Apologies are funny things. They can be genuine, shallow, phony, heartfelt, personal, healing, or too late. We’re taught while we’re young that it’s important to say ‘I’m sorry’ when you do wrong to someone else, but what they don’t tell you is that there are many trespasses that can’t be forgiven. Sometimes people choose not to forgive, and other times the pain is so deep and so permanent that forgiveness would amount to nothing more than a lie they try to tell themselves.

There’s a lot I’m sorry for, and even more I won’t be forgiven for. I do my best not to get upset when people won’t forgive me. I fail a lot of the time. It’s difficult to consciously carry with me the fact that every human experiences life in a way that is as complex, confusing, overwhelming, wonderful, and terrifying as I do. We are all alike in that pain and sadness don’t go poof simply because someone speaks words to us.

That doesn’t stop people from trying, and boy do we try. I’ve done it all. I’ve written tearful letters with my sloppy, frantic handwriting, sent songs that represented my tortured, forgiveness-seeking state, tried to buy people back with gifts, and in the most desperate moments, sobbed on people’s floors. I feel, and feel things hard.

When you’re a sensitive soul, not being forgiven feels like a daily, haunting reminder that you made someone feel, in the simplest terms, bad. It’s heavy and the only thing that lightens that burden is time or forgiveness, both of which are out of our control. That’s the deal. When you hurt someone you lose your control, you lose your power in the friendship or relationship you once had. I guess if we cared so much in the first place we wouldn’t do things that required apologies so often.

But honestly, who are we kidding? ‘I’m sorry’ isn’t nearly as ‘sensitive’ or innocent as it seems. Humans are selfish. It’s a fact. Apologies can be, ultimately, selfish, because they’re essentially an informal request for someone to overcome a physical, mental, or emotional nuisance. We want to feel better. We want to feel lighter. In that moment, we’re thinking of ourselves. If we really cared wouldn’t we let the person cope at their own pace, and come back to us if they choose?

In other ways, apologies have become a staple of human culture. We expect it when we’re wronged. We feel entitled to it. ‘You owe me an apology’ we say, or ‘Say you’re sorry.’ Sometimes we refuse to move on until we specifically hear the words, ‘I’m sorry.’ We demand that it’s thoughtful and that it demonstrates honest ownership of the wrong(s) committed in the specific situation. We say it because we have to.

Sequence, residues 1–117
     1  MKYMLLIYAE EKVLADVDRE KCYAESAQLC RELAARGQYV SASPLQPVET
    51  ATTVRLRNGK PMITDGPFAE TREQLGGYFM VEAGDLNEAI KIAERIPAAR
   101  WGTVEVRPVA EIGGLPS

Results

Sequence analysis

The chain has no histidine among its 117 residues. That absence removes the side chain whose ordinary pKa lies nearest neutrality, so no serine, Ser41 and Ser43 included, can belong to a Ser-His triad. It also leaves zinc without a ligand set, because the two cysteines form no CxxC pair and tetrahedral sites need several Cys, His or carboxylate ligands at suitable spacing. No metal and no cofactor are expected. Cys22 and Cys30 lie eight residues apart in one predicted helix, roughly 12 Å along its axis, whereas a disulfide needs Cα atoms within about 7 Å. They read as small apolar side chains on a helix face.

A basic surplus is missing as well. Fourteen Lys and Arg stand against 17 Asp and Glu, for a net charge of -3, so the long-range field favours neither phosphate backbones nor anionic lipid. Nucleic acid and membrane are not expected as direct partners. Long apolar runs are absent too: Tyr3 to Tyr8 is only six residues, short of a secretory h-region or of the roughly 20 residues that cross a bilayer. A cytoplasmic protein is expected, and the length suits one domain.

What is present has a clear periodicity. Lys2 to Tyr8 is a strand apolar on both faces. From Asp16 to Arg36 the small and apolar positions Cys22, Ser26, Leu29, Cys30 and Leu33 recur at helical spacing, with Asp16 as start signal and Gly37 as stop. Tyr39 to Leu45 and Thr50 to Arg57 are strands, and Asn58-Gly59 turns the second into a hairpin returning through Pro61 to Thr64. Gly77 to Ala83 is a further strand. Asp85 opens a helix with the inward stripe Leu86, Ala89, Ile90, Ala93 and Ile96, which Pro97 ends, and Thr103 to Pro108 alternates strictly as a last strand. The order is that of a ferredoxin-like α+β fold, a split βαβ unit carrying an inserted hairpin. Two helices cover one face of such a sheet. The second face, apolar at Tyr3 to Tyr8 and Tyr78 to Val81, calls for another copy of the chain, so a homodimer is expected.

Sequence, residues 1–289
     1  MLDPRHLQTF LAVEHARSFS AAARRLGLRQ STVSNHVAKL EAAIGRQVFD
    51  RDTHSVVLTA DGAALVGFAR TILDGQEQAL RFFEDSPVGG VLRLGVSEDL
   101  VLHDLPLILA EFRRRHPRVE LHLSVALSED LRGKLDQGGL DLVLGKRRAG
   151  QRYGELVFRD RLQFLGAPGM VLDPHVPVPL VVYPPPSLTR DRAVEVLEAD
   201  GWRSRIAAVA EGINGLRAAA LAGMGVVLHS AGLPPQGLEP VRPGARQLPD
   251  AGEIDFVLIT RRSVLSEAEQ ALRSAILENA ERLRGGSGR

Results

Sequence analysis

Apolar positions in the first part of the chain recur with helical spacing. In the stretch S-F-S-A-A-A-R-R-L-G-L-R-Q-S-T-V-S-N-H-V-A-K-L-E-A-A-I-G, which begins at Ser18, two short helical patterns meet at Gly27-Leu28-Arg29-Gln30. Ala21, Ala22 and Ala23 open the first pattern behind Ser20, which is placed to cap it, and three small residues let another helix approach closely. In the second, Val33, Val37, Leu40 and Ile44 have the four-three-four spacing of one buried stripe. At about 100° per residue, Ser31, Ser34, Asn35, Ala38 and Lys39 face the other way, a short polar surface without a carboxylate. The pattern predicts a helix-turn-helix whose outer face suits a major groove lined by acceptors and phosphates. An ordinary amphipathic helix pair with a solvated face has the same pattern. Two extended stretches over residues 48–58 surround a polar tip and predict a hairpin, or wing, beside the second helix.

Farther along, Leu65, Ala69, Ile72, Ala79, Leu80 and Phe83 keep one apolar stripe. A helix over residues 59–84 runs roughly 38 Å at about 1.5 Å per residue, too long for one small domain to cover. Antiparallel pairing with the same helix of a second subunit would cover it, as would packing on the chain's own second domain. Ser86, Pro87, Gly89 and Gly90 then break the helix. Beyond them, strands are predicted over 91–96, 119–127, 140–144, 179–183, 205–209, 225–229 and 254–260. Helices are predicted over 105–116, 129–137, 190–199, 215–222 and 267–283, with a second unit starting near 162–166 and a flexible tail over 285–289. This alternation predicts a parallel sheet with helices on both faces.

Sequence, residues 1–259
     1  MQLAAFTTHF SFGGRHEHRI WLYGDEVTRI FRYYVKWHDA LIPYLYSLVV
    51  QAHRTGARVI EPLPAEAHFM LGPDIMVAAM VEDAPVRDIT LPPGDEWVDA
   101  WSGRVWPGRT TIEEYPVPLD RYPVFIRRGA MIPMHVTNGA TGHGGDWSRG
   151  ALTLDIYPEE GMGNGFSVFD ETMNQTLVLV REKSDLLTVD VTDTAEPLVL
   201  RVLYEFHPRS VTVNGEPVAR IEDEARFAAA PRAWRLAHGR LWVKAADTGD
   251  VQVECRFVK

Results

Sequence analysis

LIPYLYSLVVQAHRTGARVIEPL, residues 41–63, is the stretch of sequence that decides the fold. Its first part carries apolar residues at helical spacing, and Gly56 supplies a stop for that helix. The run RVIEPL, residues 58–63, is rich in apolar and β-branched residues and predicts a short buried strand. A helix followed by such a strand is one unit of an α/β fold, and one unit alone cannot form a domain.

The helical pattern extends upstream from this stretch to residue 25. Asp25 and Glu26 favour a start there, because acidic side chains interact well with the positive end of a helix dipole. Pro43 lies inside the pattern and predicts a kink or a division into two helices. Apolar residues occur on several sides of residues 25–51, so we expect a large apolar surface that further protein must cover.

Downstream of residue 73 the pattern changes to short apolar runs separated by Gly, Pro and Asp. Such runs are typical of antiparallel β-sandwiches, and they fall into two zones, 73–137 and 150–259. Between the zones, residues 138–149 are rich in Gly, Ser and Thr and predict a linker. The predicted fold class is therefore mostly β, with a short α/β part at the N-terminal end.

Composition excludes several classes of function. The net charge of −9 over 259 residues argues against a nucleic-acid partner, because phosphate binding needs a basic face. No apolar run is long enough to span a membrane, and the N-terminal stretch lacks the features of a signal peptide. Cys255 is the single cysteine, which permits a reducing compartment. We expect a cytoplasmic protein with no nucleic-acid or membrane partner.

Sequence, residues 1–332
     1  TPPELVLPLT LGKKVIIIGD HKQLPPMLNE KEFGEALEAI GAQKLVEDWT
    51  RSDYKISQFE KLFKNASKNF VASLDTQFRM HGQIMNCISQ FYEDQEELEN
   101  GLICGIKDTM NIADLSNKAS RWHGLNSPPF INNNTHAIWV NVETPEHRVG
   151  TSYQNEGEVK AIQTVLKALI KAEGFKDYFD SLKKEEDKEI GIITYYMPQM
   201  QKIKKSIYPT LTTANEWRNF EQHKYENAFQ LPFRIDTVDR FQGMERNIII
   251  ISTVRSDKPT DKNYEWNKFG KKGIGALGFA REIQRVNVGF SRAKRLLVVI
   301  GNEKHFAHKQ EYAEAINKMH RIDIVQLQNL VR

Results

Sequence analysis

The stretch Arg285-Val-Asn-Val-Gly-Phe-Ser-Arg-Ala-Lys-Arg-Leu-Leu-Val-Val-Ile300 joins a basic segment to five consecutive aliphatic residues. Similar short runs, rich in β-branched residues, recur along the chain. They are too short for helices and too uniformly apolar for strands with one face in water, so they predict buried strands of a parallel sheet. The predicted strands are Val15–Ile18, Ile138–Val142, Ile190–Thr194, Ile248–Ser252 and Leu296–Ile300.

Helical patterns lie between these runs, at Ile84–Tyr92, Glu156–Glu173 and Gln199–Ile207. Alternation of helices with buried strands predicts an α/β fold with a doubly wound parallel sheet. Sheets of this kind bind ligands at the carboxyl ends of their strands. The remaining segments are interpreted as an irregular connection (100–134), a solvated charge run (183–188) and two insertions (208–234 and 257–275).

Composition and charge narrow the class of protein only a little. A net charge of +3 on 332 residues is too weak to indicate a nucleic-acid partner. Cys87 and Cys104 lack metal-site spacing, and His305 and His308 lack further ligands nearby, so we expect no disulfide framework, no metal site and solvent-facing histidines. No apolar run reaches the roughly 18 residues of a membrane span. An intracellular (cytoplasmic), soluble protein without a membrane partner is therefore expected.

I apologize all the time for my sins and faults, big and small. I apologize because it’s all I know how to do. I can’t carry the burden of my wrongdoings for too long, or it gives those pesky voices in my head more evidence that I’m a shitty person. I also sink lower than Donald Trump’s IQ at the thought that I’ve hurt people, or that what I’ve done has knocked them down. These things stay with me. It’s not just emotional and mental, it’s physical. I feel awful.

The problem is when you constantly apologize it seems, how shall I say this eloquently, fake. I don’t plan to misbehave or cause harm. It just happens because I’m a mess. I don’t use apologies as a pass to do what I please, nor do apologies absolve me of all angst and guilt. Apologies, for me, are less about the giver and more about the receiver.

I apologize because I want the person to know that they matter, that their pain matters. I don’t want someone to suffer on my account and sink lower because of it. I want to help them up, dust them off, and send them on their way better than before. I’ll gladly take their place on the floor. But, unfortunately, humans don’t connect via minds. We connect by what we say and what we do. And what I do is screw up and apologize a lot. It’s an act that gets old fast.

I’ve lost family, friends, and boyfriends because of the way I am. People want to feel like they’re special—hell, I’d say most people already feel extraordinarily special (i.e. we think we’re going to live forever and that we’re safe from the bad stuff we see in the news every day; ‘it won’t happen to us,’ we say). I don’t make people feel special, I guess.

Apologies and sorrys are complicated because they’re part of human culture, which is part of humans, who are complicated. They’re funny, futile, desperate, emotional, expected, selfish, and so much more all at the same time. I’m not really sure what else to say. I’m sorry if you thought I’d have an answer or neat conclusion.